I have recently discovered this amazing gelateria while waiting for the tram. The owner continuously experiments with exotic fruits from Brazil, spices and intriguing combinations. My favorites are: basil/lemon sorbet, ricotta/Cointreau/apricot gelato, guava sorbet and the mojito or piña colada granita. The ingredients are always fresh and you can taste the love and passion for quality that goes into each unique creation.
Grom (Pantheon / Campo Dei Fiori)
The gelato at Grom is closer to what we know as ice-cream outside of Italy. It is creamier and much denser, which I usually prefer. It is also more similar to what you might find in Liguria, where their gelaterie are called Cremerie instead.
Fatamorgana (Piazza Cosimato – Trastevere / Monti / San Lorenzo)
This place is delicious. I love the variety of flavors they have such as Thumbalina/Pollicina which contains rose petals! Their Madagascar chocolate is truly to die for. They have a large variety of amazing flavors and even have gluten-free desserts.
Gelateria del Teatro ai Coronari Via dei coronari 65-66, 00100 Roma, Italia
This is my absolute favorite gelateria! My favorite flavor here is their lemongrass-yogurt and their white-peach-lavender gelato. Other superbly scrumptious flavours are Nero D’Avola wine-chocolate, raspberry-sage, white-chocolate-basil, fig-almond-mascarpone, honey-lemon-rosemary and so many more. I highly suggest you run to this place, get a number right away and taste as many flavors as you can. There are two other locations for this gelateria, but I could not find the exact addresses online. There is one on Lungotevere, near Via Arenula, one block toward the Vatican. There is another somewhere near Campo Dei Fiori, but since I always prefer the main location, I’ve never been to the third one. Go hunt it down! It’s worth it!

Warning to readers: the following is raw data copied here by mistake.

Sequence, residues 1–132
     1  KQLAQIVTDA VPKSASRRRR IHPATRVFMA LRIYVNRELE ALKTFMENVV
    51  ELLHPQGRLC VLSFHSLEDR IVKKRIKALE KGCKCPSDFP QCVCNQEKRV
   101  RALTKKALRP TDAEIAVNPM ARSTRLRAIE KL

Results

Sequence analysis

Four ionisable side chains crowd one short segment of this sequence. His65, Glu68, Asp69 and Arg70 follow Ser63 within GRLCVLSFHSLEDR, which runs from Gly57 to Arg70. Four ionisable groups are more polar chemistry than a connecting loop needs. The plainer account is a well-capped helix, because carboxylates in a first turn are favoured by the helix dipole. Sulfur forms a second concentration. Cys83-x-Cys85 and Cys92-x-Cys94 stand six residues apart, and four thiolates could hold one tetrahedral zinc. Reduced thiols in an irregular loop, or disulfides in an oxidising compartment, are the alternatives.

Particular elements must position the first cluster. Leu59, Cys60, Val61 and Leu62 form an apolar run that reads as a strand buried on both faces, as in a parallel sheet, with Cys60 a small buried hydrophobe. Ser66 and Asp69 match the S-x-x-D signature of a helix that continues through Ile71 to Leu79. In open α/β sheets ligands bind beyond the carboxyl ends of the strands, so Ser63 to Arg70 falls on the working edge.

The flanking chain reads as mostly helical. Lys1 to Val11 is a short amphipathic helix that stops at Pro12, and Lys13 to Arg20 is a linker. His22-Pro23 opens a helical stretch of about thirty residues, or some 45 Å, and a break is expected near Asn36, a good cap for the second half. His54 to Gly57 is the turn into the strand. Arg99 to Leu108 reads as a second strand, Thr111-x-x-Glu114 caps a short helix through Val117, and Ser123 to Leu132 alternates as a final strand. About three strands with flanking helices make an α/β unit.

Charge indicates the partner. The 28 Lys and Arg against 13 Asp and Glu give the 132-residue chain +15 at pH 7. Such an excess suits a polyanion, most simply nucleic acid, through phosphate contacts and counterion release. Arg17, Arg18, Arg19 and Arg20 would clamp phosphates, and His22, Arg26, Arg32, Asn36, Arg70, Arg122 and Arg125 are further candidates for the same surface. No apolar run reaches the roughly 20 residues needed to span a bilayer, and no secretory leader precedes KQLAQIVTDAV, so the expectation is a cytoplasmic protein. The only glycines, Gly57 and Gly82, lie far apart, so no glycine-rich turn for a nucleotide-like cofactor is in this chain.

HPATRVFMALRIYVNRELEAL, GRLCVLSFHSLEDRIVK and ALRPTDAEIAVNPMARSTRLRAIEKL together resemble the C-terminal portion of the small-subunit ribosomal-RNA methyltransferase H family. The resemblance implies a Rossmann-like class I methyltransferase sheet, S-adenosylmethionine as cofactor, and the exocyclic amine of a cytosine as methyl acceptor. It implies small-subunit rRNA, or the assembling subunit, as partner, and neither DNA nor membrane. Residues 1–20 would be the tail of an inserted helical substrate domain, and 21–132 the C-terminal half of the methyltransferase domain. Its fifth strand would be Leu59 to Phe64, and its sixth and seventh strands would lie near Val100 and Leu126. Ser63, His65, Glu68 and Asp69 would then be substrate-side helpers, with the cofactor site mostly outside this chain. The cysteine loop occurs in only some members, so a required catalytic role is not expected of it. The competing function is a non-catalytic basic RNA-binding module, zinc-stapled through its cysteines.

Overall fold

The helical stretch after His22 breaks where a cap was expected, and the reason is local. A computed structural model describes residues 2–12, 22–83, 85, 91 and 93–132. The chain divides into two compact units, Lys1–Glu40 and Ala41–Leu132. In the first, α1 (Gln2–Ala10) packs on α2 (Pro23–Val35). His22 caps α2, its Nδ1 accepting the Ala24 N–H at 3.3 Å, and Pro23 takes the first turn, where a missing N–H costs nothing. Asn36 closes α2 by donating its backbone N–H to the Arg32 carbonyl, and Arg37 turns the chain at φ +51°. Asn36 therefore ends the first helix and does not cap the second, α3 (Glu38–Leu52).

Napoli is the birthplace of pizza and although you can find pizza all over the world, if you want the best you must try the original. If Naples is not on your itinerary, then a pizzeria napoletana con forno a legna should be.
Rome boasts many pizzerias and several featuring queues down the block are included in your guidebook. Please note that many of the better-known pizzerie are not traditional but offer a Roman version of a pizza, which i Napoletani like to call ‘ a Ritz cracker’.
A pizza napoletana is delicate and thin in the middle and is ringed by a high crust that is light and airy. You should be able to practically fold the entire pizza in four and virtually eat it in a few bites.